how to make a device to measure string tension?

Choice of classical guitar strings and technical issues connected with their use.
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rojarosguitar
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Re: how to make a device to measure string tension?

Post by rojarosguitar » Wed Apr 30, 2014 8:47 am

Trevor Gore wrote:The "tool" is called a monochord. Pythagoras is reputed to have used one. A board, string fixed at one end, two moveable bridges, weights (adjustable) hanging off the string at the other end, usually after it's gone over a pulley. Frequency measurement using one of any number of free frequency measurement devices. If you're serious, make sure you can calibrate everything.

Google images for monochord to get a few ideas of the implementation. How I made and use mine is, of course, documented where you'd expect, including a neat way of measuring string longitudinal stiffness. Very useful for calculating compensation requirements.
This is one way of doing it, but it works from the assumption that the tension goes linear with the pitch, which might not be quite true for strings aimed at the end edge of Hookes' Law.
That's why I'd rather prefer to measure at the correct pitch - which you of course can achieve with weights as well, if you have enough different weight pieces.
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Re: how to make a device to measure string tension?

Post by Trevor Gore » Wed Apr 30, 2014 9:45 am

rojarosguitar wrote:This is one way of doing it, but it works from the assumption that the tension goes linear with the pitch...
Mersenne's law holds throughout. The reason I use the method I use is that I can hang weights on a string and leave it there for days, at constant tension, over which time it eventually settles to a (reasonably) constant pitch. What changes is the mass per unit length as the string stretches, but Mersenne's law always holds. If you are into the fully plastic region of a string's elongation characteristic all that happens is that the string keeps on stretching, its diameter reduces, the stress in it increases and it breaks. If you have the string tensioned with a tuning machine, and the string stretches plastically, the tension reduces and the pitch drops so tuning stability is never attained, which, of course, is fine if you want to use strings that won't stay in tune...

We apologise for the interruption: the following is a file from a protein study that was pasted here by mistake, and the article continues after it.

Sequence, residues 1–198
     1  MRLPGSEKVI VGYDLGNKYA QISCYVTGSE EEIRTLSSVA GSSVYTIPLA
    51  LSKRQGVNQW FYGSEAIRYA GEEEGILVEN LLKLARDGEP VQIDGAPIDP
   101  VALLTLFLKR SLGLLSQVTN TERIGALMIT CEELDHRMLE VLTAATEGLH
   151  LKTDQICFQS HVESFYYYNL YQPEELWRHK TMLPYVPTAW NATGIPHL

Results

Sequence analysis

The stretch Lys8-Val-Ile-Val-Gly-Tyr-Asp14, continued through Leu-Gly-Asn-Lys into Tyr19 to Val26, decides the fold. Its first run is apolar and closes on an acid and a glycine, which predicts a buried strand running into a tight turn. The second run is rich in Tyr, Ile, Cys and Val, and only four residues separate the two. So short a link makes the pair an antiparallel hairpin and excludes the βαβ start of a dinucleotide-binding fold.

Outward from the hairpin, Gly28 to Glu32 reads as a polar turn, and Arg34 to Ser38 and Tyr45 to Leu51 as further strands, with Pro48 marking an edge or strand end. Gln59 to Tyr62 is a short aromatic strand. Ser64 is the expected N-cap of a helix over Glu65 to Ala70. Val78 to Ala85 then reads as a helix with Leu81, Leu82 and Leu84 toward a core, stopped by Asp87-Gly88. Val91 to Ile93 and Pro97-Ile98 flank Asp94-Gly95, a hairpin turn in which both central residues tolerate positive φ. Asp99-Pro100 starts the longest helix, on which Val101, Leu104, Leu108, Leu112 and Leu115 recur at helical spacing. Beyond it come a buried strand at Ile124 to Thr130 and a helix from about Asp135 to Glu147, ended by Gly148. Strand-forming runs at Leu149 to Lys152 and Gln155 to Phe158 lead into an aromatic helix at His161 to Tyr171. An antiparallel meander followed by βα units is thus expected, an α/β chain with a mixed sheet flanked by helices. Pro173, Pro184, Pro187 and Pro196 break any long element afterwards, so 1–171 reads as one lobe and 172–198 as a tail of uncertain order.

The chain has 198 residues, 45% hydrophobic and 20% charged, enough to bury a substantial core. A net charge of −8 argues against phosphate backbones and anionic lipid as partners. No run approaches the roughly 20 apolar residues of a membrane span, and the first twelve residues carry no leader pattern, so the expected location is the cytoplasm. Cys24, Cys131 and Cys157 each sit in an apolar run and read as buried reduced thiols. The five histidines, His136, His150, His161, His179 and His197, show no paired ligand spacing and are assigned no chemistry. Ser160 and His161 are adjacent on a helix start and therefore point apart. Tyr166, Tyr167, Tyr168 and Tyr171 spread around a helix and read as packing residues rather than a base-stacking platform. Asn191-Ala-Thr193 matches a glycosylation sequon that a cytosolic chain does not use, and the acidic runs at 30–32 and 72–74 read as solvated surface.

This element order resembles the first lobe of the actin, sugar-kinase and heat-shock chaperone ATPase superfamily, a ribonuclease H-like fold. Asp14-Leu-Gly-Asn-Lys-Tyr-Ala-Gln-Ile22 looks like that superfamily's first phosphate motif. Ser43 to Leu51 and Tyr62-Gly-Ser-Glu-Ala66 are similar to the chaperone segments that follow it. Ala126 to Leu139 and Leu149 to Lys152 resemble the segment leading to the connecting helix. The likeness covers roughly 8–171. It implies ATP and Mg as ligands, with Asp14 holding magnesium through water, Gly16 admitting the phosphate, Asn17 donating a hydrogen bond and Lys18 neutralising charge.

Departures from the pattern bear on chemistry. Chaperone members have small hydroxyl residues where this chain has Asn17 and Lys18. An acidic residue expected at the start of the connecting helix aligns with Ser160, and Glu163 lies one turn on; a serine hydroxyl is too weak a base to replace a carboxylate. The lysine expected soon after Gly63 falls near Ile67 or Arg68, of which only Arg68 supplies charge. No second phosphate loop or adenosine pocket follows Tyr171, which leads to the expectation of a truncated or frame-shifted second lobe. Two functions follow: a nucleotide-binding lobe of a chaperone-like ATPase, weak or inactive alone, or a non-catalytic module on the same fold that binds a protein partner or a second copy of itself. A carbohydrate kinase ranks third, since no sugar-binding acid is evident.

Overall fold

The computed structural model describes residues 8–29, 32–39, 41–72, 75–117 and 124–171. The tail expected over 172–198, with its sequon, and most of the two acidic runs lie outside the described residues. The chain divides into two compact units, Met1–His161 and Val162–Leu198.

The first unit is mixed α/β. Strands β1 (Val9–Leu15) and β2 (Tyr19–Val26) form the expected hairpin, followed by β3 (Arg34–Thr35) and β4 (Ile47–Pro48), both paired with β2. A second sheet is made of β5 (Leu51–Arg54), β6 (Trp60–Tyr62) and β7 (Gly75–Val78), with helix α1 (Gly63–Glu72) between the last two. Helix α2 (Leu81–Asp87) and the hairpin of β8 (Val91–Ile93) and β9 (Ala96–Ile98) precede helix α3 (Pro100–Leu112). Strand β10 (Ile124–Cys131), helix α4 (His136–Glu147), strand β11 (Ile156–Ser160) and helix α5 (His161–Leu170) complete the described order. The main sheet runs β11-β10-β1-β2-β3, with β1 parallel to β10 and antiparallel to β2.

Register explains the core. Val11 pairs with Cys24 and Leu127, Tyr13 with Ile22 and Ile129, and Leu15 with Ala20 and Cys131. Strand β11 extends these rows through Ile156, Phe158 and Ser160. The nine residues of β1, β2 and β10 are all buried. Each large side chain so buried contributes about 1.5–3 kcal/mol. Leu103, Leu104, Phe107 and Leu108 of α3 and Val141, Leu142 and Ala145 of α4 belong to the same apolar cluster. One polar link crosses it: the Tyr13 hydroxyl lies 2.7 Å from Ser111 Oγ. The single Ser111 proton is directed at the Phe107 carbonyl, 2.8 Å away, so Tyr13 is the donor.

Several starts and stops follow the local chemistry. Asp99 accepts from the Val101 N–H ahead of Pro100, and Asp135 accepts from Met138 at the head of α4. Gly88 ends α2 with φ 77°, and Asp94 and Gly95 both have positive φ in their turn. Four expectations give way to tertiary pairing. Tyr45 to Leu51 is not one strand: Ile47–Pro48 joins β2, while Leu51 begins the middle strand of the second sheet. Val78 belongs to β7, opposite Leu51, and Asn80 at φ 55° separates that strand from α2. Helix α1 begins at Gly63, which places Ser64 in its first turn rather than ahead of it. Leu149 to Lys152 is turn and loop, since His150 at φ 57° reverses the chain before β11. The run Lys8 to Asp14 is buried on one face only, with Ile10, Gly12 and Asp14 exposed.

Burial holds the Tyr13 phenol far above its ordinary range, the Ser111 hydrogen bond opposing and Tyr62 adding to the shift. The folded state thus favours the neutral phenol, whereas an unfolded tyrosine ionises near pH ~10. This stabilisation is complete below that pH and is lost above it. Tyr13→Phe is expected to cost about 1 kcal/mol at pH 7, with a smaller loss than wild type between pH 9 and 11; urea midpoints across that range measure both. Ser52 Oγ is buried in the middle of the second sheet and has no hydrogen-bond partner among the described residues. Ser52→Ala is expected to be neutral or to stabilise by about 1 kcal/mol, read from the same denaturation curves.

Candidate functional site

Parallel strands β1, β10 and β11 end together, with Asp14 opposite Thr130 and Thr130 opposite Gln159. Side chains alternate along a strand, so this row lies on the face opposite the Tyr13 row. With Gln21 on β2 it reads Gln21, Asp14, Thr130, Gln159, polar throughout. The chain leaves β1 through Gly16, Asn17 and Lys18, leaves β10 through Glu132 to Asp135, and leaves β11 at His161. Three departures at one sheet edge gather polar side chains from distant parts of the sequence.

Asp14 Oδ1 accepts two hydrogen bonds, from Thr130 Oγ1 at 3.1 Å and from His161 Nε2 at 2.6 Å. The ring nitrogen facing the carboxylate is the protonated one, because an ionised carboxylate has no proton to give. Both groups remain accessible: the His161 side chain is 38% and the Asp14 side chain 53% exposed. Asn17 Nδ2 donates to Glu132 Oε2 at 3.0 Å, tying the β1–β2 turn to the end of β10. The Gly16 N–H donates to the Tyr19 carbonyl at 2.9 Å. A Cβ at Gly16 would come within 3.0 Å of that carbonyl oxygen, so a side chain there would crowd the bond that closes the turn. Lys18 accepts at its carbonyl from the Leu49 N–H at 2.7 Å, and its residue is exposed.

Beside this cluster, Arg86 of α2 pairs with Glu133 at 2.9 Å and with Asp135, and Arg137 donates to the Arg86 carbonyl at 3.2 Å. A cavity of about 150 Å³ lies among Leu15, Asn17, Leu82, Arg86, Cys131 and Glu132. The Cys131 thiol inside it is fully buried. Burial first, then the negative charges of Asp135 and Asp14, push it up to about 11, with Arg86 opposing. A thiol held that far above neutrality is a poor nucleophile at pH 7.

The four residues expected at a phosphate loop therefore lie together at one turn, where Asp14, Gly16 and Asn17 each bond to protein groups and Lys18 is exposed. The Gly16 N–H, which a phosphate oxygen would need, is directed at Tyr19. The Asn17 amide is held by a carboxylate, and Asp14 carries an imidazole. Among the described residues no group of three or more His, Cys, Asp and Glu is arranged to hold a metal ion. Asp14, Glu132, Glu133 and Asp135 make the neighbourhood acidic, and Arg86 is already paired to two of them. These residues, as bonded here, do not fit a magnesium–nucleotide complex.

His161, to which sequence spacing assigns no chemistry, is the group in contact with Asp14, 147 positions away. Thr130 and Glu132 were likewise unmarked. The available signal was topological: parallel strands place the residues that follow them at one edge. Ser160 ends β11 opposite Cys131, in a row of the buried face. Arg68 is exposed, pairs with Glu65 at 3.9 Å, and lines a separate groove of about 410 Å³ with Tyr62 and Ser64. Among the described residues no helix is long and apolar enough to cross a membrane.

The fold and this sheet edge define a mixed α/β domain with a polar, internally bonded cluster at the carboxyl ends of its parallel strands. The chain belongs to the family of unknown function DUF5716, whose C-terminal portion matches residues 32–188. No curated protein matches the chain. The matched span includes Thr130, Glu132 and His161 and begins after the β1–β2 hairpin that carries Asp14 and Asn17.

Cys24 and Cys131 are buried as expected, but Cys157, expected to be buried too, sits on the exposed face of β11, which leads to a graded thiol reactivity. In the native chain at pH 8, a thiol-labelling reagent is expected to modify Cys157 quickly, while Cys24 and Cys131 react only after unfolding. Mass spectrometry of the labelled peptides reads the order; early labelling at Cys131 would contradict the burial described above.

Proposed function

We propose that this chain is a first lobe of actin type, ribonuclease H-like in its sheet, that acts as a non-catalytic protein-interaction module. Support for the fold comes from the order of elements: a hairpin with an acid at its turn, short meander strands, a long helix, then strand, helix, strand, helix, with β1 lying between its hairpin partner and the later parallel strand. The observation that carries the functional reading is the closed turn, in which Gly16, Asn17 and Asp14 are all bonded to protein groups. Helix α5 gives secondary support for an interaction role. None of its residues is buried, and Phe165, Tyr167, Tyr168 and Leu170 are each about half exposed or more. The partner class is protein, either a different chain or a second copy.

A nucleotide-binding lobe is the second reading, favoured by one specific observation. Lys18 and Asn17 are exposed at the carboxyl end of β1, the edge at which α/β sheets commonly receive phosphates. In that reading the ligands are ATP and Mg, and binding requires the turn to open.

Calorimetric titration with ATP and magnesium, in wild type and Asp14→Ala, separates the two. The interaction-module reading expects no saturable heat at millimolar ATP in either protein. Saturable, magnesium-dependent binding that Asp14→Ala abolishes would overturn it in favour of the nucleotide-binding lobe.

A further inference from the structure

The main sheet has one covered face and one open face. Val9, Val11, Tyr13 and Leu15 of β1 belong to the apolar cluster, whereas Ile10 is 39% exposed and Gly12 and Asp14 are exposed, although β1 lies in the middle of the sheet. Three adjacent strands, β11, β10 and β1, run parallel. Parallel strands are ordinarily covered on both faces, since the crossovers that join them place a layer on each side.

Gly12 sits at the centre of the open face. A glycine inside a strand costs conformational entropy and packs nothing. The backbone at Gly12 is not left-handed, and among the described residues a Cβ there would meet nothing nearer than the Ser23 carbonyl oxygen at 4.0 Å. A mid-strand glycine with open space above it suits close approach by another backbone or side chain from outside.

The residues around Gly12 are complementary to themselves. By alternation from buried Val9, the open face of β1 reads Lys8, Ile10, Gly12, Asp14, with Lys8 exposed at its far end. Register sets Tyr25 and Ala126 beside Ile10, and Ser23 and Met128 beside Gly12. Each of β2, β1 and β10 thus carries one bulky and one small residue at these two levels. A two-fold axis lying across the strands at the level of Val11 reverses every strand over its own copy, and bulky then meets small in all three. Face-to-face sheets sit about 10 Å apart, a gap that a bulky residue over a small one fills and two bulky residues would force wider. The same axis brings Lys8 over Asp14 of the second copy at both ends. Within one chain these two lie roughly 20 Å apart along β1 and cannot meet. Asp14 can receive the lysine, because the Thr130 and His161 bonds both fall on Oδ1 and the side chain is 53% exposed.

If one goes for an "instantaneous" tension/frequency reading, that's fine also, but it does not represent a service condition for an instrument that needs to stay in tune for at least the duration of a piece.
rojarosguitar wrote:That's why I'd rather prefer to measure at the correct pitch - which you of course can achieve with weights as well, if you have enough different weight pieces.
If one has an accurate set of scales, one always has enough different weights... :D
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Re: how to make a device to measure string tension?

Post by rojarosguitar » Wed Apr 30, 2014 12:09 pm

Trevor, I wouldn't go for 'instantaneous' measurement, that's why I would leave the string on until it settles. If you look carefully at Mersenne's Law, it is more tricky than it lookes like, because this mass per unit length value is itself depending on the pulling force, and it will change in a nonlinear way. (So strictly speaking in and by itself it's not very useful unless you have determined the stable value of mass per unit length at the exact conditions you want to operate the string at. What it just states is what happens to frequency if one factor changes and all the other factors are kept constant - but only the string length remains constant to good accuracy all the time, which makes a guitar workable in first place).